New book featuring NS contributors

<em>Fight Back! A Reader on the Winter of Protest</em> is free to download.

The first book on Britain's anti-cuts movement has been published by openDemocracy. Fight Back! A Reader on the Winter of Protest features a number of New Statesman contributors – Anthony Barnett, Rowenna Davis, Jeremy Gilbert, Dan Hancox, Johann Hari, Owen Hatherley, Laurie Penny and Daniel Trilling – and is now free to download as an e-book. More details from the publishers here:

In November 2010 opposition to the government's cuts exploded into direct action, as students stormed the Conservative Party HQ in Millbank.

A month later, Parliament Square itself was occupied, as 30,000 marched while the police protected the House of Commons, and later brutally "kettled" many of the young demonstrators.

Has a new movement been born? One which can even defeat the government?

Fight Back! the book features the best writing, blogs, articles, images and exchanges of two explosive months of action against the government's programme of cuts and student fees.

Its "editorial kettle" of seven are all under 30 and were all kettled by the police in November and December 2011.

Edited by the journalist Dan Hancox, others on the editorial team are Guy Aitchison, Laurie Penny, Siraj Datoo, Caillean Gallaghar, Aaron Peters and Paul Sagar.

The book brings together 43 contributors of all ages, from a 15-year-old UK Uncut activist to a rebel Lib Dem peer.

Fight Back! is published by openDemocracy's OurKingdom.

It will be published on 24 March as a book and on Kindle.

It can be downloaded now as a free e-book with no registration.

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This is no time for a coup against a successful Labour leader

Don't blame Jeremy Corbyn for the Labour Party's crisis.

"The people who are sovereign in our party are the members," said John McDonnell this morning. As the coup against Jeremy Corbyn gains pace, the Shadow Chancellor has been talking a lot of sense. "It is time for people to come together to work in the interest of the country," he told Peston on Sunday, while emphasising that people will quickly lose trust in politics altogether if this internal squabbling continues. 

The Tory party is in complete disarray. Just days ago, the first Tory leader in 23 years to win a majority for his party was forced to resign from Government after just over a year in charge. We have some form of caretaker Government. Those who led the Brexit campaign now have no idea what to do.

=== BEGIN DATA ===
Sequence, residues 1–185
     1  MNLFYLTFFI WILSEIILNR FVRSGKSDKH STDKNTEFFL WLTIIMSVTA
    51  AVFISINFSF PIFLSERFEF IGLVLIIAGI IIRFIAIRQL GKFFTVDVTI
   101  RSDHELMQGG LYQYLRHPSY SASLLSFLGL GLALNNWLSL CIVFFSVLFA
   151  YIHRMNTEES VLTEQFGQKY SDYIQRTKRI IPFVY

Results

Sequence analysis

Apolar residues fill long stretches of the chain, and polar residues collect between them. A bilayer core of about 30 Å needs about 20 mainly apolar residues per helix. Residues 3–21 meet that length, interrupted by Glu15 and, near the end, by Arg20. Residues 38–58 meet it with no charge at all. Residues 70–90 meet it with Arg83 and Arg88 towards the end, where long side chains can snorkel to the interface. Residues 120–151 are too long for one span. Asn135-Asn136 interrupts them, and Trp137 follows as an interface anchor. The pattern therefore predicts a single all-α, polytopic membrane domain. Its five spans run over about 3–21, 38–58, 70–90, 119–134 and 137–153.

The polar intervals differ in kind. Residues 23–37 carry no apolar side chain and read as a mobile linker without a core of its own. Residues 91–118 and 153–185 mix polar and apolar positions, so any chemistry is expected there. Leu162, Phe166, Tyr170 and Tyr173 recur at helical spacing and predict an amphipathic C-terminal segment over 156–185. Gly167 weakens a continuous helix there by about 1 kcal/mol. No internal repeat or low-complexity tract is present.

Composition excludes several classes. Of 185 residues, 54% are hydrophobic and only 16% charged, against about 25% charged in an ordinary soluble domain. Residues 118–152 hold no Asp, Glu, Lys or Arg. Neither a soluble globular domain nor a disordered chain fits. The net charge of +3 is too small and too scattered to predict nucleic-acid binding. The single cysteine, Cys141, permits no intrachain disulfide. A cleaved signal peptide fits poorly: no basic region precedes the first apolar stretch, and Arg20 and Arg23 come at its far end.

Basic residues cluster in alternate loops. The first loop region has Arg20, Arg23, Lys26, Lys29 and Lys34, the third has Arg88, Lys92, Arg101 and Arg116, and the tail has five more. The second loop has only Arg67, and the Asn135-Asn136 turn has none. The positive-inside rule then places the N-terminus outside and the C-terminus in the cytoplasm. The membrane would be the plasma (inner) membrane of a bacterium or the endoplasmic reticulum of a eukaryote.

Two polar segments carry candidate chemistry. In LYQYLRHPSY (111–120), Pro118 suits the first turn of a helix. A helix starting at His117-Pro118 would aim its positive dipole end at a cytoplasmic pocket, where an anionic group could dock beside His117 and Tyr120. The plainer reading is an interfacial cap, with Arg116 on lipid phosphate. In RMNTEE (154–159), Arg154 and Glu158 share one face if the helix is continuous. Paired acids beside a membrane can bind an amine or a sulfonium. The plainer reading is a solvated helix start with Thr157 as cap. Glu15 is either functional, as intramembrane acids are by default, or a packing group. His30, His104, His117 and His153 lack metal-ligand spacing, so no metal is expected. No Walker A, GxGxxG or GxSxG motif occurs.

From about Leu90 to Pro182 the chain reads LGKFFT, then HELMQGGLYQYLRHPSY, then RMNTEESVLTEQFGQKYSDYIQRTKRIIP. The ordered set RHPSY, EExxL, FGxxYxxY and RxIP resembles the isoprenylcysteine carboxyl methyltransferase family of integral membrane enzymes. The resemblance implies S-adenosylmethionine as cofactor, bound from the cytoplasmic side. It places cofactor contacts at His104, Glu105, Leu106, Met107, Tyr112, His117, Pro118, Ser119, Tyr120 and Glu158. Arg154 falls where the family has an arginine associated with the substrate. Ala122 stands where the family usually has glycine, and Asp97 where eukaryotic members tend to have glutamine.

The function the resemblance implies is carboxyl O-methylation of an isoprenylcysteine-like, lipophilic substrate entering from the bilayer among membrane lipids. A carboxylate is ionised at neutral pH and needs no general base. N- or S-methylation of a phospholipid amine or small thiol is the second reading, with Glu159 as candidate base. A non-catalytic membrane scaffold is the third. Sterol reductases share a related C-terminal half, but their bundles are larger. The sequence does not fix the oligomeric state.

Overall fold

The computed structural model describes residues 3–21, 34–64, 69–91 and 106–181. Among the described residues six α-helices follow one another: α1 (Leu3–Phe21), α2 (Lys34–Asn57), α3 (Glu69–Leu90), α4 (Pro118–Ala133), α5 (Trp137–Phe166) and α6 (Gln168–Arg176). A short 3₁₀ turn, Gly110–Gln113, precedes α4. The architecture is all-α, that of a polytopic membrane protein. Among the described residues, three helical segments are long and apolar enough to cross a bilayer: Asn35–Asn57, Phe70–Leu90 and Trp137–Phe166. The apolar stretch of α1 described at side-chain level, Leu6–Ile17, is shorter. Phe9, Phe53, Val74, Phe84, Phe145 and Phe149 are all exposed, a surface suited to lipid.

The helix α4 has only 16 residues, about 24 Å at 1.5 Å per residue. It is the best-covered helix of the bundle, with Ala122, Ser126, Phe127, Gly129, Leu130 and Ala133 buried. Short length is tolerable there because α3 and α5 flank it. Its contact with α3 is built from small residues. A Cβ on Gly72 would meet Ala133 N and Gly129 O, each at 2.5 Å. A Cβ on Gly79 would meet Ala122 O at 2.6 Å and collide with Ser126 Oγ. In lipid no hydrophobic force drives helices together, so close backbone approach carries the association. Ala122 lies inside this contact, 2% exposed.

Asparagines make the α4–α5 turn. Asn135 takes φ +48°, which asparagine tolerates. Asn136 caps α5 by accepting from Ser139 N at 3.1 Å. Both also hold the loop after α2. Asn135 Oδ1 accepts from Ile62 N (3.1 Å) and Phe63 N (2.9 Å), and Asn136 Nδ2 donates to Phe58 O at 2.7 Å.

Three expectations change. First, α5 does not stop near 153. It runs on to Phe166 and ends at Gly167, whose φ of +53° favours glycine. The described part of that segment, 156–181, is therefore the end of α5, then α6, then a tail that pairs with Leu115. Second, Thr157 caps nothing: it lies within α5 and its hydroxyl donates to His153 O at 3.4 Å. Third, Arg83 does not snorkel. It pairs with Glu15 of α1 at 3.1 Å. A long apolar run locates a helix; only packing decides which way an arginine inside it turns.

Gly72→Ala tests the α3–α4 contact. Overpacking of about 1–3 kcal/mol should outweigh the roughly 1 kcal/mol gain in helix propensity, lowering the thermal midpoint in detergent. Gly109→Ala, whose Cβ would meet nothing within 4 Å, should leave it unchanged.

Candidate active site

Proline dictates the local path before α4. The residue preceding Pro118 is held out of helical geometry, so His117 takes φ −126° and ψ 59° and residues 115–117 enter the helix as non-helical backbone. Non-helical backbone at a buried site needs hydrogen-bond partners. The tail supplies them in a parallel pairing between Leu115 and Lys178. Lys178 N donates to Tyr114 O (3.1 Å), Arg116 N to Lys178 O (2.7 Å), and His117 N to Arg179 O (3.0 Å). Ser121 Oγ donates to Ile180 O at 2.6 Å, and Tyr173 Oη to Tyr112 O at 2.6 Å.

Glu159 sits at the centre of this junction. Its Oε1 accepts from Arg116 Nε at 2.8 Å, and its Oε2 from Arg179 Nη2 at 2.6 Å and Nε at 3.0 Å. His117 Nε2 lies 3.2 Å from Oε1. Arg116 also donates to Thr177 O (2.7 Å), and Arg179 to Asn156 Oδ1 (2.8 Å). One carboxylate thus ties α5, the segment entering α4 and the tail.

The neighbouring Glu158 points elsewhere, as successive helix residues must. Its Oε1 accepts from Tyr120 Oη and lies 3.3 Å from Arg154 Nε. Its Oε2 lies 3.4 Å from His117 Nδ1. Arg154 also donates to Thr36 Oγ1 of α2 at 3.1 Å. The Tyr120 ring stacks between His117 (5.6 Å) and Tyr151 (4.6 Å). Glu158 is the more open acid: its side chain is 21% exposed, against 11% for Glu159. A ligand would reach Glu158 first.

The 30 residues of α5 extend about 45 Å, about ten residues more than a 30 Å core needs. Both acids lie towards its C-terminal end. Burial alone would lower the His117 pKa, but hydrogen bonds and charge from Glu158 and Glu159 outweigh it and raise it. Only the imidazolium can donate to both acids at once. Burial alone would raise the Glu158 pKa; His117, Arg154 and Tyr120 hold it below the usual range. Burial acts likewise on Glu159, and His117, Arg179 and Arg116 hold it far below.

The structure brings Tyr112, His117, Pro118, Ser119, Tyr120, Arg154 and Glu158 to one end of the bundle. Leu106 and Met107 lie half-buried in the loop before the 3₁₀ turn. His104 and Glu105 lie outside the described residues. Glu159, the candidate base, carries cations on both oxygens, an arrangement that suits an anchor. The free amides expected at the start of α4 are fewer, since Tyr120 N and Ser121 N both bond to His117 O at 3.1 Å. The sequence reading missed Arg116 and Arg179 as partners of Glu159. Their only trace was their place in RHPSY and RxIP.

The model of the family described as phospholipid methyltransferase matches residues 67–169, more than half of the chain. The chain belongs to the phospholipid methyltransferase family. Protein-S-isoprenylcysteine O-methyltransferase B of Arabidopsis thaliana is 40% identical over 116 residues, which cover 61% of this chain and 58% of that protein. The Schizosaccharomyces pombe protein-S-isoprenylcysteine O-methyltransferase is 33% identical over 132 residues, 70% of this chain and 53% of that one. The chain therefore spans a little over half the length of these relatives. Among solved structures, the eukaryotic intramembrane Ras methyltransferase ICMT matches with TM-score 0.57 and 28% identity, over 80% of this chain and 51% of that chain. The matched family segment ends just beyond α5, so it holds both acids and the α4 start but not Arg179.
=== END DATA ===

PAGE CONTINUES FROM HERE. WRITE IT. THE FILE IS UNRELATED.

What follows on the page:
It is disappointing that a handful of Labour parliamentarians have decided to join in with the disintegration of British politics.

The Labour Party had the opportunity to keep its head while all about it lost theirs. It could have positioned itself as a credible alternative to a broken Government and a Tory party in chaos. Instead we have been left with a pathetic attempt to overturn the democratic will of the membership. 

But this has been coming for some time. In my opinion it has very little to do with the ramifications of the referendum result. Jeremy Corbyn was asked to do two things throughout the campaign: first, get Labour voters to side with Remain, and second, get young people to do the same.

Nearly seven in ten Labour supporters backed Remain. Young voters supported Remain by a 4:1 margin. This is about much more than an allegedly half-hearted referendum performance.

The Parliamentary Labour Party has failed to come to terms with Jeremy Corbyn’s emphatic victory. In September of last year he was elected with 59.5 per cent of the vote, some 170,000 ahead of his closest rival. It is a fact worth repeating. If another Labour leadership election were to be called I would expect Jeremy Corbyn to win by a similar margin.

In the recent local elections Jeremy managed to increase Labour’s share of the national vote on the 2015 general election. They said he would lose every by-election. He has won them emphatically. Time and time again Jeremy has exceeded expectation while also having to deal with an embittered wing within his own party.

This is no time for a leadership coup. I am dumbfounded by the attempt to remove Jeremy. The only thing that will come out of this attempted coup is another leadership election that Jeremy will win. Those opposed to him will then find themselves back at square one. Such moves only hurt Labour’s electoral chances. Labour could be offering an ambitious plan to the country concerning our current relationship with Europe, if opponents of Jeremy Corbyn hadn't decided to drop a nuke on the party.

This is a crisis Jeremy should take no responsibility for. The "bitterites" will try and they will fail. Corbyn may face a crisis of confidence. But it's the handful of rebel Labour MPs that have forced the party into a crisis of existence.

Liam Young is a commentator for the IndependentNew Statesman, Mirror and others.